Bishop David Oyedepo (C), founder of the Living Faith Church, also known as the Winners’ Chapel, conducts a service for worshippers in the auditorium of the church in Ota district, Ogun state, some 60 km (37 miles) outside Nigeria’s commercial capital Lagos September 28, 2014.
CREDIT: REUTERS/AKINTUNDE AKINLEYE
Christianity side by side with the occult as one belief system? The juxtaposition is interesting. There is a noticeable resurgence of the occult (sorcery and witchcraft beliefs) in contemporary cities like Harare, Accra or Lagos adjacent with a growth of charismatic evangelist churches. Conversations, rumours and gossip about witchcraft, sorcery and miracles (works of God) do not only take place in matatus, tro-tros or the market place nor do they only make headline news of tabloid papers like the Daily Sun in South Africa or H-Metro in Zimbabwe. They form part of belief systems, economic exchange, and life and death decisions! Muti murders spring to mind. It all sounds very disconcerting or is it? How then to make sense of it all, Christianity side-by-side with the occult?
Let’s focus on Zimbabwe for a bit. A protracted economic, social and political crisis since the mid-late nineties remains unresolved and has left little doubt to the masses that their economic and social well-being is in their own hands and devices. With a soaring unemployment rate estimated between 60% to 80%, the vast majority are either self-catering in the informal sectors or voting with their feet. Others are thriving though, if the coterie of luxury vehicles in Harare is anything to go by. Generally though, the outlook is gloomy. All is not well. The “modern condition” affects many; joblessness, poverty, elusive lucky breaks, endless walking in search of anything and everything, hunger, constant threats of eviction; all sorts of afflictions.
Mass frustration bubbles under, despair is common place. It goes without saying that the combined effects of a long political, economic and social crisis needs an outlet, some exit point for pent up emotions, frustrations, dented hopes and dreams at the social and individual level. Fertile ground for a revolution? All indications are pointing towards a religious one! To be sure churches have always existed. The traditional missionary Roman Catholic, United Methodist, Salvation Army sects populate the country among others. The doctrine is “conservative”; repentance, salvation and eternal life. “Conservative” means the gospel remains steadfast in the face of changing political, economic and social conditions. But in these dire times, organic and indigenous churches more in tune with local conditions have emerged offering more than just salvation and eternal life. They also preach of prosperity on earth understood holistically in the sense of good health, healing of afflictions, and material wealth among other things.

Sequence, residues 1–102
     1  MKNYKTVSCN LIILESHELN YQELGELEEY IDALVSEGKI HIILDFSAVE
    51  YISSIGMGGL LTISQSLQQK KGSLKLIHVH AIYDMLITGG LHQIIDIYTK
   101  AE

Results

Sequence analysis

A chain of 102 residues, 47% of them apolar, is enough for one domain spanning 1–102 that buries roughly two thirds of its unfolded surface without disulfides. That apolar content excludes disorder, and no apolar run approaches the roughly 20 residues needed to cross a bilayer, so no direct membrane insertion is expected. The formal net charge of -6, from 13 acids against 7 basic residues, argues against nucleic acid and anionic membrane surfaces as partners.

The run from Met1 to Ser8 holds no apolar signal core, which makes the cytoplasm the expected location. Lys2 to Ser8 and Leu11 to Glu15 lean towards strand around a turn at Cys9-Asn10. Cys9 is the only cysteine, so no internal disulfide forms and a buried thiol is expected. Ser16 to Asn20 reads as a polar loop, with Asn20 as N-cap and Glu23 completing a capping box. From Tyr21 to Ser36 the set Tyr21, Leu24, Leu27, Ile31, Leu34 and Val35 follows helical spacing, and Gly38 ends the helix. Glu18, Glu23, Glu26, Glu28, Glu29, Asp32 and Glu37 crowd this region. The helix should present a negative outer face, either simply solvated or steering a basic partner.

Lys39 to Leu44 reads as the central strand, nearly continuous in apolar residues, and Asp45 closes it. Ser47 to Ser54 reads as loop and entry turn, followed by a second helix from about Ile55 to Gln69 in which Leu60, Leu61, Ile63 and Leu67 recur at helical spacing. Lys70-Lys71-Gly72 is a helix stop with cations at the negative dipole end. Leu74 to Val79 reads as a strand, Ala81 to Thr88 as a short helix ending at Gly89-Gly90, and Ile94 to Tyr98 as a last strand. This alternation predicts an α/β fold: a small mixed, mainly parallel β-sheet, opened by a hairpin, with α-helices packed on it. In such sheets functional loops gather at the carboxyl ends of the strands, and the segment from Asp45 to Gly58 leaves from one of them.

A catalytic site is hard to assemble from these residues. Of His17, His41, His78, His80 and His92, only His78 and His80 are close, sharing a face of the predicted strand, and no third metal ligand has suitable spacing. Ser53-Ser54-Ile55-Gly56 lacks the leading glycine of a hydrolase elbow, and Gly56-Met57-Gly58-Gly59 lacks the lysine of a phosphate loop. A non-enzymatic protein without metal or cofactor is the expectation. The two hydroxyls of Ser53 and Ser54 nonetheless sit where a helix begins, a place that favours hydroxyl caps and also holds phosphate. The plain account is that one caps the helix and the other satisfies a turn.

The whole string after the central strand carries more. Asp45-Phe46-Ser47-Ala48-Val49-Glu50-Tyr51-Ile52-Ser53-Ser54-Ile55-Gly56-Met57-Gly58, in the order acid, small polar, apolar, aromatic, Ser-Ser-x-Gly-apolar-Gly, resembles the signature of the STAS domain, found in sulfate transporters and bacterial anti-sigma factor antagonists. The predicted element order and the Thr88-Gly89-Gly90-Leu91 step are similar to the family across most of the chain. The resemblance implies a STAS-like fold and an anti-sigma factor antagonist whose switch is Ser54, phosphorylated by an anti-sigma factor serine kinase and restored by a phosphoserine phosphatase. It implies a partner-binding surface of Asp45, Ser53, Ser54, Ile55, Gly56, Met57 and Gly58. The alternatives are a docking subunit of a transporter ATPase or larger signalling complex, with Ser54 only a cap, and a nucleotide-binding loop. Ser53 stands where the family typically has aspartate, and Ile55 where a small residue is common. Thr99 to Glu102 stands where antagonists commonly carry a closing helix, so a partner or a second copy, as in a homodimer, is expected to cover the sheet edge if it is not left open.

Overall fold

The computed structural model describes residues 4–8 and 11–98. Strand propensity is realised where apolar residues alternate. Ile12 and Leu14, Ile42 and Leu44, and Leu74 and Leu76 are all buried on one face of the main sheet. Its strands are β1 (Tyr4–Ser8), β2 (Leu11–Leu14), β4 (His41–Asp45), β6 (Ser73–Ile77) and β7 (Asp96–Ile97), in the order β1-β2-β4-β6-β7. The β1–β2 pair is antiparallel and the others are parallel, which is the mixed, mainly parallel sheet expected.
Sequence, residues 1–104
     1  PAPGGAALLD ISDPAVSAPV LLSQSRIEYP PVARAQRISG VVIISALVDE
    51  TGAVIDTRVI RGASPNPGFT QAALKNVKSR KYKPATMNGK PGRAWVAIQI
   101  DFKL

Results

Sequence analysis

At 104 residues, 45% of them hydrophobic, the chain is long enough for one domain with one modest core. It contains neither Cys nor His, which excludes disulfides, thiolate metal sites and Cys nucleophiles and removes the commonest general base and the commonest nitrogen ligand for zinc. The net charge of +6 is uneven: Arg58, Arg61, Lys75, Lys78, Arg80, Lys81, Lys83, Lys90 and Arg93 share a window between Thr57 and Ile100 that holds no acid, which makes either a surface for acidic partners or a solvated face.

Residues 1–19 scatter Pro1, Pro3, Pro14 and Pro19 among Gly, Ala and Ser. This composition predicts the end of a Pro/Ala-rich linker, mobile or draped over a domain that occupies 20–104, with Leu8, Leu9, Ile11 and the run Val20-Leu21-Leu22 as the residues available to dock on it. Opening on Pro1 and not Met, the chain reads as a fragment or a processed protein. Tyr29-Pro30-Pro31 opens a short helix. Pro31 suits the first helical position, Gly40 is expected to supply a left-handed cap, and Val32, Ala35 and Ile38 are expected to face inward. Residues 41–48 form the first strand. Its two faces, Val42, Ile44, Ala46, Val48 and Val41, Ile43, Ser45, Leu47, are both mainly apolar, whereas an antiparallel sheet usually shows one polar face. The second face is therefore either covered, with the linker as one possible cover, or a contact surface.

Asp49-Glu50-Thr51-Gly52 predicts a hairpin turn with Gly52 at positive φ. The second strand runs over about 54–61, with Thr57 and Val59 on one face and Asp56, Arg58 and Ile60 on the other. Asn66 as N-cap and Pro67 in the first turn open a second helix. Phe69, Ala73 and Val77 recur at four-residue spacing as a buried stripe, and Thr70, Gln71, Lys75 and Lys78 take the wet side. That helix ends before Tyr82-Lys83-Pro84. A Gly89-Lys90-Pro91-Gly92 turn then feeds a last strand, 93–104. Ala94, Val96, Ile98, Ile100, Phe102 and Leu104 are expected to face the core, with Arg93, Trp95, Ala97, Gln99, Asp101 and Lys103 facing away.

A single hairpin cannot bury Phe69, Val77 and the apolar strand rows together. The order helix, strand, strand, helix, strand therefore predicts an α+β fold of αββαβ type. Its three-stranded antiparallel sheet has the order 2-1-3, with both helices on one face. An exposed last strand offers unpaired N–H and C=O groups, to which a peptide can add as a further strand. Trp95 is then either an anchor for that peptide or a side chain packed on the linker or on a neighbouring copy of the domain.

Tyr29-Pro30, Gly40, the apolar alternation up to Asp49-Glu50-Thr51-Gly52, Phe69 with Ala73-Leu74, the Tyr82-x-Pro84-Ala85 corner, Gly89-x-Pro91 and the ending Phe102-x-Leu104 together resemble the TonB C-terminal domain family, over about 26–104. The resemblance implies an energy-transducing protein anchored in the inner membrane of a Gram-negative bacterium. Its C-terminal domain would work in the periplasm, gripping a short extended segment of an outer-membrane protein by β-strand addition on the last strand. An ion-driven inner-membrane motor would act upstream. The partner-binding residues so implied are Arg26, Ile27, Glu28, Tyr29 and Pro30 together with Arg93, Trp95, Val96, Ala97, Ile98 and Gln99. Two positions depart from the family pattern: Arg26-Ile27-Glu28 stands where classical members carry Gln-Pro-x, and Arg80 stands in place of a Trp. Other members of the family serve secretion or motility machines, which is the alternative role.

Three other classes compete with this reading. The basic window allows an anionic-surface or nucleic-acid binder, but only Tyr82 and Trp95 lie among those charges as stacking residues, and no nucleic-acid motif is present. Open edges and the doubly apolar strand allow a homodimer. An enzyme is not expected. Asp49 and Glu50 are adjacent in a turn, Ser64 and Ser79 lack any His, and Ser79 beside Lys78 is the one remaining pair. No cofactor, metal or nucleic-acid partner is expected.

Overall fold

This is enticing and nothing entices more than evidence. For starters, these men of cloth are not wanting. Prophet Uebert Angel of the Spirit Embassy Church in a recent probe by Forbesmagazine, had an estimated net worth of about $60 million. Prophet Emmanuel Makandiwa of the Indigenous United Family International Church drives the latest Mercedes-Benz S65 AMG (it costs about R2.8 million!), has bodyguards, holds mega-conventions (his judgment night convention had an estimated 165 000 people in attendance). Their age and youthful looks, Makandiwa is 37 and Angel is 36, adds to the aura and ease of connection with the urban masses; they can speak the language of the streets. This is the rise of the celebrity prophet, who promises quick-fire delivery in the backdrop of unrelenting crisis. Celebrity prophets are not selling the good gospel; the gospel has always been there in traditional churches that are seeing dwindling numbers. They are selling themselves as motivational speakers packaged in a re-interpretation of the gospel that speaks to the “modern condition” and more importantly offers a cure, now, in this life. Your salvation and you can eat it.